We tested the toxicity of thirdhand smoke (THS) using two controlled laboratory exposure scenarios and low levels of THS. One exposure modeled THS in a car parked outdoors, while the second modeled THS in a room without sunlight. The fabrics were exposed to cigarette smoke and then extracted in culture medium. Concentrations of nicotine, nicotine related alkaloids, and tobacco specific nitrosamines (TSNAs) were determined in fresh and aged extracts. The concentration of TSNAs increased with aging in the indoor experiment. THS extracts were used for cytotoxicity testing using mouse neural stem cells (mNSC), human dermal fibroblasts (hDF) and human palatal mesenchyme cells (hPM). Extracts from the car experiment inhibited mNSC proliferation in a live cell imaging assay and induced single strand DNA breaks in mNSC and hDF. In the indoor experiment, THS extracts made with medium containing serum proteins were significantly more toxic than extracts made with basal medium, and mNSC and hPM were more sensitive than hDF. These data indicate that: (1) aging of THS chemical differs on different fabrics and differs with and without sunlight; (2) very few cigarettes are sufficient to produce a toxic THS residue; and (3) protein enhances the efficiency of extraction of cytotoxic chemicals.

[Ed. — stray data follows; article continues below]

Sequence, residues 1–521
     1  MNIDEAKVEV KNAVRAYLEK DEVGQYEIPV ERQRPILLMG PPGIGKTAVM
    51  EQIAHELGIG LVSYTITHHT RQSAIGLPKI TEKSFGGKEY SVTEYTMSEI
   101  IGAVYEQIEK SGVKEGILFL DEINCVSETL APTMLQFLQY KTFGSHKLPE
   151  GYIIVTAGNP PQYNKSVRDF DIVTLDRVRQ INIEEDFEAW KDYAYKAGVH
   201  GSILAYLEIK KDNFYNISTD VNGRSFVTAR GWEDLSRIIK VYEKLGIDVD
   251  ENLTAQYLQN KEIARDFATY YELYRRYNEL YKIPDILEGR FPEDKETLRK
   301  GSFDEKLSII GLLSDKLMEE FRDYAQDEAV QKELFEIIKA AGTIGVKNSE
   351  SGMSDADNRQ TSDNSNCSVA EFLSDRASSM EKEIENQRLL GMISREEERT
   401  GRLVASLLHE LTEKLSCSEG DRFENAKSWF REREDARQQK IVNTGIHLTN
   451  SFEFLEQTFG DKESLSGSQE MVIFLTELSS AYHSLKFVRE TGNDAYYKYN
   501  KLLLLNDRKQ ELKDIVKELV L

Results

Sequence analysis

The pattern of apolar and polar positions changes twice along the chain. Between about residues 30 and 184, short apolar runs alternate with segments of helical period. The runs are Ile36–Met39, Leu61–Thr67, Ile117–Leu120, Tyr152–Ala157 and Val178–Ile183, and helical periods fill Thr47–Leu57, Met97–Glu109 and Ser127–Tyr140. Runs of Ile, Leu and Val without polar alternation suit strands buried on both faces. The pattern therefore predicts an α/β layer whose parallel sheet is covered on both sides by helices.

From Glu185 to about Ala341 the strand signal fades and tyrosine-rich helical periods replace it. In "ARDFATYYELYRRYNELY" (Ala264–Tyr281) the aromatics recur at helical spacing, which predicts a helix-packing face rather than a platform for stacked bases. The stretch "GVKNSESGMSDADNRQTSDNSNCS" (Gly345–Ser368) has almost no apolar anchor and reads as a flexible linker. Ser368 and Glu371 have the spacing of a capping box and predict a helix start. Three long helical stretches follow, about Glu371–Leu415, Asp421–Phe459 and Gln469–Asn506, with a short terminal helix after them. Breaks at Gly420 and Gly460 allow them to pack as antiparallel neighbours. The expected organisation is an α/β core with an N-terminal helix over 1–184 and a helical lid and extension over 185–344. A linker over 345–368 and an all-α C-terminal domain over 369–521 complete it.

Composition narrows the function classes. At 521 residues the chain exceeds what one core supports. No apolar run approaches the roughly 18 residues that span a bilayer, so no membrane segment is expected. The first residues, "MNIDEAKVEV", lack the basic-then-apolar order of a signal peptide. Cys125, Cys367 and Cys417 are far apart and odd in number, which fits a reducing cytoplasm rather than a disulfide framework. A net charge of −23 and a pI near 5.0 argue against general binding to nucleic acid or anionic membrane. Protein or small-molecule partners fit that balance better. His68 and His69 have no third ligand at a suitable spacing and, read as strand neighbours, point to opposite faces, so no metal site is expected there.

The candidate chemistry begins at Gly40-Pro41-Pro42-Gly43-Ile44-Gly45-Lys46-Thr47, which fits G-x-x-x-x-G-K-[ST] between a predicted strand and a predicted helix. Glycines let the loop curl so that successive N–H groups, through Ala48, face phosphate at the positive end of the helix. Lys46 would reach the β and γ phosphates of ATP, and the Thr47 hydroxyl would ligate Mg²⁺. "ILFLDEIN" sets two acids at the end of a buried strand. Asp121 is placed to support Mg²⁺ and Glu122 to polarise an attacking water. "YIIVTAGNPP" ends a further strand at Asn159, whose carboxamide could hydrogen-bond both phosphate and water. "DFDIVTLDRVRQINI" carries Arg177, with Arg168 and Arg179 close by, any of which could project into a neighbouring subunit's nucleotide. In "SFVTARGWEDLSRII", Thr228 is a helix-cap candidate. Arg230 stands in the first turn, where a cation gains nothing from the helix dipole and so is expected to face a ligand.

Keywords: Cigarette smoke; Nicotine; Stem cells; Thirdhand smoke; Tobacco; Tobacco specific nitrosamines; Toxicity.
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